The South Boston Allied War Veterans Council

It is worthwhile repeating a few facts and figures about last Sunday’s 2018 St. Patrick’s/ Evacuation Day Parade. An estimated 125 marching units participated in this year’s Parade. On Monday, we read in Boston’s daily newspapers that maybe as many as a million spectators attended the Parade, despite the uncomfortably cold weather. That makes out Parade the largest in New England and the third largest in the country,

Frankly, South Boston Online doubts that a million spectators showed up. However, based on previous years, half of that number, or 500,000, would not be unusual. To put that number in perspective, please consider that 500,000 people would fill 25 TD Bank Gardens for the Celts and Bruins, 12 Fenway Parks for the Red Sox, or 7 Gillette Stadiums for the Patriots. And a half a million, or 500,000, is just the “low-side” number that our Parade attracts each year.

You probably know that South Boston’s Annual St. Pat r ick ’s /Evacuat ion Day Parade is funded, scheduled, organized, and ultimately presented by the South Boston Allied War Veterans Council (the SBAWVC). This has been the case for the last 70 years, under a legal arrangement that was later supported by (among other things) a 9-0 favorable Supreme Court decision. You know this already, but it’s worth repeating: The Parade is an enormous amount of work that is handled entirely by the SBAWVC, which from year to year numbers only 15 members or so.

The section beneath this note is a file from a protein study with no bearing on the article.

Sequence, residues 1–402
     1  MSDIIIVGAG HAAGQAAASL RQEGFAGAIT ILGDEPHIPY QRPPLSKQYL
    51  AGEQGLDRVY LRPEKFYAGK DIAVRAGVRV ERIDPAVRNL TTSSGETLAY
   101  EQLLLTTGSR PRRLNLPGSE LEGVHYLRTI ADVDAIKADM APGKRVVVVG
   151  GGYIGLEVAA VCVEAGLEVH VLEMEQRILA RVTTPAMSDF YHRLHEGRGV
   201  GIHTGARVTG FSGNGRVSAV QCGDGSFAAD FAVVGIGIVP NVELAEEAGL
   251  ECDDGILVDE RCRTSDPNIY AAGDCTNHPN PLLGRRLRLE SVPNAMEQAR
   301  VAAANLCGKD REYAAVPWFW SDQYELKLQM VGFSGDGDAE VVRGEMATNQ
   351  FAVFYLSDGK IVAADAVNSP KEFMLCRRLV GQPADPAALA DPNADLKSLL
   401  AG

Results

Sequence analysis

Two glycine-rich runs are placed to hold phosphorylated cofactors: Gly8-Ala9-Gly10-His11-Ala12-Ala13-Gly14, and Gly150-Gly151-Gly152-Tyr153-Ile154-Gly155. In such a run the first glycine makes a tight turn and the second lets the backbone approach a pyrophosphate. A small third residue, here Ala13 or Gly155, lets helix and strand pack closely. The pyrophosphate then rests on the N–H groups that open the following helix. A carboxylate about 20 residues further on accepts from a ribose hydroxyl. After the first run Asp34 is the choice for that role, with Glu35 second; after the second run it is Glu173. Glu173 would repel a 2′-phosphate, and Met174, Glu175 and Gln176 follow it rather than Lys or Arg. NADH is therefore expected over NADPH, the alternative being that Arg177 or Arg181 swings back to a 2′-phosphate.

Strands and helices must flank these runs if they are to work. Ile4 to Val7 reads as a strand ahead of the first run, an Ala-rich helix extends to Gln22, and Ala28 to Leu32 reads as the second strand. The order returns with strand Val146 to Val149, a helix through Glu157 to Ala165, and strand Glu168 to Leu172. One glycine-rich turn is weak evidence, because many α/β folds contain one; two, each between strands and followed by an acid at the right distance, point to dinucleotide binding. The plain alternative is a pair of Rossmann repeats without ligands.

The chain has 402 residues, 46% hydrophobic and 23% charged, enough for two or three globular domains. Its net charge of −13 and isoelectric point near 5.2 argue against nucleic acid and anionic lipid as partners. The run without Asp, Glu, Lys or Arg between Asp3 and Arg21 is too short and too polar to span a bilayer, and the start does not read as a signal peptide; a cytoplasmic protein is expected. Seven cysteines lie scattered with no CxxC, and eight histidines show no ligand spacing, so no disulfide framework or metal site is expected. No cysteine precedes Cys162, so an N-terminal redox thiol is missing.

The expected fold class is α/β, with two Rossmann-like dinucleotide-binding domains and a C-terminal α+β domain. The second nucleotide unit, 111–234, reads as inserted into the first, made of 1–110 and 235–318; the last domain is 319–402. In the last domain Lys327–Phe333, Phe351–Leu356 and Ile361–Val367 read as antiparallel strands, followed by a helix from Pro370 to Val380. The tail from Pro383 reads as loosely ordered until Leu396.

This editorial has two very simple purposes. First of all, South Boston Online wants to thank the SBAWVC very much for their efforts in 2018, and for their efforts on all the Parades during previous years as well. Many of the members of the SBAWVC work on various assignments during the Parade, and so they actually don’t get to see the Parade themselves.

Second, the issue of safety came up this year. The City of Boston made a decision that the snow last week was a Parade hazard. Therefore, the City cut the Parade route in half, which may eliminate a large portion of the Parade’s local meaning.

Magnanimously, the SBAWVC agreed to proceed with the 2018 Parade, even though its route had been shortened. This shows the Veterans Council’s appreciation of the greater good: To have the best Parade possible in order to carry on this tradition, no matter what problems arise.

We commend them for their attention to the best interests of the entire City of Boston community in 2018, despite the Parade’s shortened march. South Boston Online hopes that the complete, historic route of the Parade will be restored in 2019.

 

Jeanne Rooney

Jeanne Rooney is the Editor in Chief for South Boston Online.